“Just be yourself,” Mark tells me, “and if all else fails, pretend you’re talking to me.” Words of advice from a favourite client resonate in my head as I prepare for my first-ever radio interview following the release of Bill C-36, Canada’s devastatingly stringent legislation on sex work, my profession.
As I struggle to repeat my sound bites into waiting microphones, it is abhorrent to think that thoughtful and compassionate clients like Mark (an employee at a top news agency in Toronto whose name, along with all others here, has been changed to protect anonymity) could soon be severely punished for patiently answering my anxious text messages.
In my five years of experience as an escort, I am eternally thankful for the cross-cultural experiences that sex work has provided me. There was the landscape architect, a gentle giant expressing his weariness over the predictable Japanese maple trend taking root in Toronto. The neuroscience professor who had nervously prepared an elaborate goody bag of local chocolates for my visit. And of course, the dyed-in-the-wool Stephen Harper supporter, a man certainly considered a “pervert” in the eyes of his own government due to his particular inclination toward dirty talk.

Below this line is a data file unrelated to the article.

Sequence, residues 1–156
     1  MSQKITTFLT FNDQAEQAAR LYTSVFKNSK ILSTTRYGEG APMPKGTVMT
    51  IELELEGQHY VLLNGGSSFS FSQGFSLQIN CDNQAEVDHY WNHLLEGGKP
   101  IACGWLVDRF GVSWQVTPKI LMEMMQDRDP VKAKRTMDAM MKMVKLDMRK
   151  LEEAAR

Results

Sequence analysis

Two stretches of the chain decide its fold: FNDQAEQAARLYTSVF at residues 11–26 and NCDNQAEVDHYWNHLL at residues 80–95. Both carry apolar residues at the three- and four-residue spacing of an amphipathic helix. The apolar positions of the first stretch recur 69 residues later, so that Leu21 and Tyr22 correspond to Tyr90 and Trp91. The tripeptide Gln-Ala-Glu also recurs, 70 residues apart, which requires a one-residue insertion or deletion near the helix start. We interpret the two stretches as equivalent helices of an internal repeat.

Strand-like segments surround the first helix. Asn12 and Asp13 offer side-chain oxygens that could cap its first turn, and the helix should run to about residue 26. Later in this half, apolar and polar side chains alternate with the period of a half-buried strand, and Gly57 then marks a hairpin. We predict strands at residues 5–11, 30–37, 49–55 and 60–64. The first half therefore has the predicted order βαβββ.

Their reasons for seeing me are many: Steve, 85, was married at 19 and never had a chance to explore his personal tastes. Chris, 45, lost his wife to cancer five years ago. Mark, 37, is deeply committed to his career in broadcasting and refuses to put another girlfriend through his demanding schedule. My clients are respectful, complex and, most importantly, absolutely commonplace.
The work we do is like an iceberg: the majority of it is out of view and involves mundane administrative tasks such as advertising, emailing and laundry. Screening our clients is central to how we conduct business.